skin overlying the metastatic lesions. After August 2009 he continued
imiquimod as monotherapy to a larger area, including
both the anterior pelvis and the right upper quadrant. Surprisingly,
his metastatic lesions regressed, and one completely
disappeared. It is possible that application of imiquimod to a
larger area could have had an effect on the metastatic lesions.
While use of imiquimod for internal melanoma metastases has
not been reported, there is evidence that imiquimod is effective
for off-label treatment of cutaneous melanoma. A patient
presenting with multiple cutaneous and subcutaneous me
tastases on the scalp showed complete regression of lesions
after 17 months of topical imiquimod therapy.12 Another study
looked at seven patients with lentigo melanoma treated with
topical imiquimod for 12 weeks; at 19 months follow-up, six of
the seven patients showed both clinical and histologic resolution.
13 Of note, imiquimod is approved for treatment of actinic
keratoses, superficial basal cell carcinomas, and external genital
warts. Actinic keratoses are treated twice a day for no more
than 16 weeks, superficial basal cell carcinomas are treated five
times a week for six weeks, and genital warts are treated three
times a week for no more than 16 weeks. The cream is to be applied
in a thin layer and left on for eight hours before washing it
off.14 Use of imiquimod in cutaneous melanoma is off-label and
not supported by the manufacturers. The patient we report followed
an alternating two week application schedule that used
significantly more than the amount recommended for superficial
basal cell carcinoma. He used two full packets, one on the
abdomen and one on the pelvis, three times per week, for a
total of six packets in the first week. This typically caused sufficient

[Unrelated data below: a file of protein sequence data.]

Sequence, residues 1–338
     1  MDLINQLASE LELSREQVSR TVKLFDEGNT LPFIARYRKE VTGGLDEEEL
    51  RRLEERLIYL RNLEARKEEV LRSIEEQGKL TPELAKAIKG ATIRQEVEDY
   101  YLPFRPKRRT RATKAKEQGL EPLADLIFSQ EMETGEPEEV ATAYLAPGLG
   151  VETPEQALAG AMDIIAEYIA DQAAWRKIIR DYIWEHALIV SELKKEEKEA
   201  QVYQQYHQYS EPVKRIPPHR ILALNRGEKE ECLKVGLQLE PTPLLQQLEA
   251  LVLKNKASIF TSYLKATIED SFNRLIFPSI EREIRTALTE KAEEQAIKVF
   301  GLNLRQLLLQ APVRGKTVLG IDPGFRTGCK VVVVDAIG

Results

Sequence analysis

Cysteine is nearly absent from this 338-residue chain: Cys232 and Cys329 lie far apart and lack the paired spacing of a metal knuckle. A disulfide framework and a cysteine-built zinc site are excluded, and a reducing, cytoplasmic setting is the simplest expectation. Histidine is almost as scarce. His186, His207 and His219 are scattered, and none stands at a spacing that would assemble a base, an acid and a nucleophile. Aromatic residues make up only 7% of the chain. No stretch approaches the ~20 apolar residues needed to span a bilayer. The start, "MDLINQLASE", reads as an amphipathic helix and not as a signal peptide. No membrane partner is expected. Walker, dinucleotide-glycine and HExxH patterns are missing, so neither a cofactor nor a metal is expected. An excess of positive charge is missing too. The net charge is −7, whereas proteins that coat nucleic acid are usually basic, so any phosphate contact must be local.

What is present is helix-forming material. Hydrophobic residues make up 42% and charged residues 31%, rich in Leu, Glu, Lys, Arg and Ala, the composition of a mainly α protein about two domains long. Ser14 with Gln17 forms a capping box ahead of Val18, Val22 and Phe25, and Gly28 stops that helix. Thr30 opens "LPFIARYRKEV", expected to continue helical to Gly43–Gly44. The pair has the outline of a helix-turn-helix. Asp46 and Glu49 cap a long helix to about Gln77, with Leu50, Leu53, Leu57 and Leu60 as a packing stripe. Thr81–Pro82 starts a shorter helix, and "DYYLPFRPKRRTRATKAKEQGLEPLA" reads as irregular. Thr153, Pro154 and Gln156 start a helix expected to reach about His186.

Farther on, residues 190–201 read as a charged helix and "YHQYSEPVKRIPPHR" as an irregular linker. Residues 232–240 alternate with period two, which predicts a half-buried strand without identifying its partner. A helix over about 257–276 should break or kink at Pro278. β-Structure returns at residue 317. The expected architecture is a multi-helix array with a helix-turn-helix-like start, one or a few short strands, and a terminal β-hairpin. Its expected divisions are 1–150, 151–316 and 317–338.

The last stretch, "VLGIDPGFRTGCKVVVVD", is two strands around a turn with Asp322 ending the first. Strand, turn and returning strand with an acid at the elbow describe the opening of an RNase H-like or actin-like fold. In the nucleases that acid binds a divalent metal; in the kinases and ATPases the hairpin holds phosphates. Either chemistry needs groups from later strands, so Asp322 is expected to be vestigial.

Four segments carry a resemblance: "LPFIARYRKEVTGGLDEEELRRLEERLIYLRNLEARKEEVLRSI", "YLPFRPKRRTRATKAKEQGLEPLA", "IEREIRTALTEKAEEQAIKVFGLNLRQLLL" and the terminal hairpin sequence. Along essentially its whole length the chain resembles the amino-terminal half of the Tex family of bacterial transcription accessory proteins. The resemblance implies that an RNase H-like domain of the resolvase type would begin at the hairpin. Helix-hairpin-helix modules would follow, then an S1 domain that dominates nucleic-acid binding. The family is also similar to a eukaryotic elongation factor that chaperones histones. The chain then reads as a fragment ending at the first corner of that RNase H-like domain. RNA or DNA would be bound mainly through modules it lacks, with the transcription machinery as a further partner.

discomfort that he would use half of a packet on each area
three times per week, for a total of three packets in the second
week. He used this alternating schedule for nearly the entire
treatment course, and continues to do so.
In contrast to the multiple common and potentially serious
side effects of systemic chemotherapy, the only common adverse
effect of topical imiquimod is skin breakdown at the
application site.3 This patient experienced some skin breakdown,
but persisted with treatment. Although imiquimod has
only been indicated for the use of cutaneous diseases, this
report supports further exploration of the potential for topical
imiquimod or other topical therapies to play a role in treating
systemic disease. This may be useful for those who cannot
None of the authors have any relevant conflicts of interest, financial
- Lacarrubba F, et al. Advances in the use of topical imiquimod to
treat dermatologic disorders. The Clin Risk Manag. 2008;4:87-97.
- Miller RL, et al. Imiquimod applied topically: A novel immune response
modifier and a new class of drug. Int J Immunopharmacol. 1999;21(1):1-14.
- Sauder DN. Imiquimod: Modes of action. British Journal of Dermatology. 2003;149(Suppl 66):5-8.
- American Society of Health-System Pharmacists. Imiquimod Topical. AHFS Consumer Medication Information. 2009.
- Atkins MB, Lotze MT, Dutcher JP, et al. High-dose recombinant interleukin
2 therapy for patients with metastatic melanoma: Analysis of 270 patients treated between 1985 and 1993, J Clin Oncol. 1999;17:2105–2116.